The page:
Explore more works by Hurvin Anderson.

Jadé Fadojutimi, The Barefooted Scurry Home, 2017. Courtesy of Sotheby’s.

Among the young Black artists currently holding the market in thrall is 28-year-old British abstract painter Jadé Fadojutimi, whose paintings were selling for around £20,000 ($26,000) at PEER in 2019. Her auction record was broken three times during Frieze Week. Prior to that, her two highest prices, not yet breaching the $1 million mark, were set in Hong Kong. One by one, London auctioneers repeated the now-familiar mantra that Fadojutimi is the youngest artist in the Tate collection, and one by one they presided over massive bidding competitions.

At Sotheby’s main evening sale, the large abstract canvas The Barefooted Scurry Home (2017) more than tripled the high estimate to sell for £825,700 ($1.1 million). At the following afternoon’s Sotheby’s sale, the recent A Muddled Mind That’s Never Confined (2021)—a roughly six-square-foot painting she donated to support the World Wildlife Fund (WWF)’s climate campaign—reached another result tenfold the estimate, £1 million ($1.4 million). And then that evening at Phillips, her 55-square-inch Myths of Pleasure (2017), was underbid online from Korea before selling 10 times over its estimate for £1.1 million ($1.6 million).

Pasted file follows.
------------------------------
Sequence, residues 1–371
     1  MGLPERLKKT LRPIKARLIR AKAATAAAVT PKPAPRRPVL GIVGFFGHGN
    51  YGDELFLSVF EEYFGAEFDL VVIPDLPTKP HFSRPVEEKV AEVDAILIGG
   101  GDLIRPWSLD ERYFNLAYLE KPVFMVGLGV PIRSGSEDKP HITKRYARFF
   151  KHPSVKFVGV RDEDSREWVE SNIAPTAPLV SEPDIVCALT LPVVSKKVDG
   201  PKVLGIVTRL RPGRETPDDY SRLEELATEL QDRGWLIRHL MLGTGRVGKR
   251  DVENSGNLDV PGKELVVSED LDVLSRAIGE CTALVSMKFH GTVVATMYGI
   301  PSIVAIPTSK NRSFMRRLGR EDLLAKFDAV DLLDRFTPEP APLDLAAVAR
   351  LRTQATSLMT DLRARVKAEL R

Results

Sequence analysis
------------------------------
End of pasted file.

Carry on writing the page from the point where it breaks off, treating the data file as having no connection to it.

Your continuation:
The artist’s London dealer Pippy Houldsworth was out of action with a spine injury, but dealing heroically with business inquiries from her sick bed. “The sellers this week were not speculators,” she told me. “The paintings are very early works [from 2017], made while she was still at college or very soon after. They were sold to young and passionate—but as yet unseasoned—collectors in the days before there was significant demand for Jadé’s work. Rather than being speculators, these people just got lucky.”

The most important sale for Fadojutimi, said Houldsworth, was A Muddled Mind That’s Never Confined, with proceeds going to WWF’s climate campaign. “This is a cause that Jadé fervently believes in and one that needs support at this critical time,” Houldsworth said.

Explore more works by Jadé Fadojutimi.

Reggie Burrows Hodges, For the Greater Good, 2019. Courtesy of Phillips.